Dressed in Crushed Beaks t-shirt, New Luna’s lead singer Tommy Deedigan has the sort of raw, emotive voice that immediately demands the attention of everyone in the room. Dreamy alternative tracks from the quartet’s 2016 debut EP go down a treat, with the sporadic time-signatures and jazzy drums of ‘Omission’ channelling Radiohead’s In Rainbows era. Toby Duncan’s severely underrated groovy bass riffs completely make ‘Who’ – but its ‘Noise’ that’s undeniably their best tune to date, a lulling ballad that erupts into a beautiful, guitar-frenzied explosion. I can’t get enough of them, and judging by their firm Manchester fan base that surrounds me, neither can anyone else.
Treating us to a “pre-show interlude” are Her’s – that Liverpool two-piece that you can’t stop hearing about. “Are we gonna play the rock show?” Norwegian bassist Audun Laading enquires, before punching the drum machine into action and kicking off with cheery debut single ‘Dorothy’. Stephen Fitzpatrick’s deadpan vocals contrast his 80’s-style twangy guitar in ‘What Once Was’; latest single ‘I’ll Try’ sees Laading break out in rap, living up to his reputation of being the most energetic bassist you can catch live this year. They’re tight onstage, albeit slightly quiet on the guitar front – but with ‘Speed Racer’ and ‘Marcel’ succinctly capturing that summery sound, it’s mad to think that a band making this much noise are only a duo. With so many fans attracted in such a short career, it’s gonna be an interesting ride to see where Her’s take it from here.
If Her’s are happy slacker-rock, then Happyness are certainly their melancholy counterpart. The room crams up as the four walk onstage, all decked out in baggy t-shirts and bashed up trainers. ‘Anna, Lisa Calls’ is the chosen set opener, its soothing chorus of “oohs” still catchy seven months on from the Tunnel Vision On Your Part EP. ‘It’s On You’ similarly channels those typical Pavement vibes that Happyness have credited, it’s huge chorus already earning intense crowd movement.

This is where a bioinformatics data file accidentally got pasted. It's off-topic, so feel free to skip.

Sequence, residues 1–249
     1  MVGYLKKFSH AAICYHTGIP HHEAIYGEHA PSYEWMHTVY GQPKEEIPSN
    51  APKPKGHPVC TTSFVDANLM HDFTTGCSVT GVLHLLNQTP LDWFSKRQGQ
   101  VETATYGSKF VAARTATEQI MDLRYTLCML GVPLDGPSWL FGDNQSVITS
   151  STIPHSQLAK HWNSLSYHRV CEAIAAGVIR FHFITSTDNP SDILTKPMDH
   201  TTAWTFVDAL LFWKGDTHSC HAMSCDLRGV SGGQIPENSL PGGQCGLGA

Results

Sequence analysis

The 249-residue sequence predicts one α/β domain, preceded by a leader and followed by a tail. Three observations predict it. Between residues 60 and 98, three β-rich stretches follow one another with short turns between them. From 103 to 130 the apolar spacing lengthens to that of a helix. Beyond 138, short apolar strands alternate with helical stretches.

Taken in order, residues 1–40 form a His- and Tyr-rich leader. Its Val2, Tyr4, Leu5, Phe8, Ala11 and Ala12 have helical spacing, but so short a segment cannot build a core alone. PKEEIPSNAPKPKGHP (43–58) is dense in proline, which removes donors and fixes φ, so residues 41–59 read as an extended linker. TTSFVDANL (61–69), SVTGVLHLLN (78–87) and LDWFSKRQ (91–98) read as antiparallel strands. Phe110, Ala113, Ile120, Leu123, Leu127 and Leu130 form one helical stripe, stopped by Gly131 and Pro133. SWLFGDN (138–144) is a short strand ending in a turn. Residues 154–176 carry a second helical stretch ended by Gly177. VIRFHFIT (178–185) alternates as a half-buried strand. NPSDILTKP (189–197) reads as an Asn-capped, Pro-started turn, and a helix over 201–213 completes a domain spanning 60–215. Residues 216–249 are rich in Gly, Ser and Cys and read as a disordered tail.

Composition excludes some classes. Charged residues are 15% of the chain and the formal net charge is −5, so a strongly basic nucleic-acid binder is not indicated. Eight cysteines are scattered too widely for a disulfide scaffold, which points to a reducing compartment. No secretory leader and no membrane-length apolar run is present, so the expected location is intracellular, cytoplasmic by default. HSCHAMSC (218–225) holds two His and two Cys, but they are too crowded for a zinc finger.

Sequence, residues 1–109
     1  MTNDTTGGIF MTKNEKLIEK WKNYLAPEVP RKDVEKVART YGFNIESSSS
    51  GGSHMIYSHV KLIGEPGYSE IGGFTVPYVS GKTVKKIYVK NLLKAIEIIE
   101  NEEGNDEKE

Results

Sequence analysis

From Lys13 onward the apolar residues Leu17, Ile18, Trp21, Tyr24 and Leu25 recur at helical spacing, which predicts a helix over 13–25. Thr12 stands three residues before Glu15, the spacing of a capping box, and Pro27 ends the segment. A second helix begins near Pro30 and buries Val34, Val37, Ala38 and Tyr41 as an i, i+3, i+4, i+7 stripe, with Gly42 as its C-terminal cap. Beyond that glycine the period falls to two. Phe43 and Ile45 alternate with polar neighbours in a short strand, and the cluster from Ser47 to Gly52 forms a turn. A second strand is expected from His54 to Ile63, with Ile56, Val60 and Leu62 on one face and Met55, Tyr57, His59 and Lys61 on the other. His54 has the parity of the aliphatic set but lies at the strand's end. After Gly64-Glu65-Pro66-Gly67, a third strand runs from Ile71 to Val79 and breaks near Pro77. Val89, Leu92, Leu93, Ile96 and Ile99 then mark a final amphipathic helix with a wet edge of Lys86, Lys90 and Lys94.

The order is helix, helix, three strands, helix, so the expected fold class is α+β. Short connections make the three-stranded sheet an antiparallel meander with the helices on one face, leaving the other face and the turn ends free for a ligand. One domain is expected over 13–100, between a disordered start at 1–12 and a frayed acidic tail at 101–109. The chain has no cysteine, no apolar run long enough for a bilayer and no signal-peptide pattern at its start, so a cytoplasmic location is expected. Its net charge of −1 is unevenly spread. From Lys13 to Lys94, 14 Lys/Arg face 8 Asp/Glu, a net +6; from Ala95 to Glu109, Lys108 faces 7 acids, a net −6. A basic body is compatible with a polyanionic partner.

“There’s something so funny about a sick body” vocalist/bassist Jonny Allan whispers in ‘Naked Patients’, whilst singer/guitarist Benji Compston uses a can of beer to slide around his twelve-string guitar. There’s perfect balance in the set between fast and slow – the fuzzy Hawaiian guitar of ‘SB’s Truck’ and ‘Bigger Glass Less Full’ contrast greatly with the chilled ‘The C Is A B A G’ and the acoustic ‘Baby, Jesus (Jelly Boy)’.
“Paul hasn’t been to Manchester before” acknowledges Compston, introducing their additional fourth member that makes Happyness sound even richer live. Their onstage chemistry is particularly endearing to see, even inviting up Her’s’ Laading to play bass for them at times.
“We put out album two and we need to sell more” frontman Jonny Allan admits, referencing their sophomore release Write In that’s only been around for a couple of weeks. As a more piano-based release than Weird Little Birthday, I was hesitant to see if it’s jazzier numbers would smoothly fit into the set. But with Compston’s surf-guitar backing, there’s no need to worry. ‘The Reel Starts Again [Man As Ostrich]’ is infinitely faster than on Write In; ‘Through Windows’ proves to be one of the biggest hits of the night, home to the best chorus key change Happyness have ever written. A simple keyboard with a sustain pedal effortlessly incorporates the piano live – and allows Compston to demonstrate his talented multi-tasking skills by playing both keys and guitar.
“I can’t think of a better day of the week for this song than Tuesday night” smiles Allan, before breaking into fan-favourite ‘Montreal Rock Band Somewhere’. The room instantly gets intimate, a touching throwback for those diehard fans that were there way back in 2014 for Happyness’ debut EP. The quartet have the knack of writing the most beautiful choruses that captivate all. Hearing them live is, truly, an honour.
It begs the question – “why aren’t Happyness bigger?” They’re the most humble, deserving band – and the sort that would cringe at this gushing review. They’re unaware of their talent, and in an age of arrogant frontmen and cocky band members, it’s a change I welcome with open arms. What are you waiting for? Go and see them live.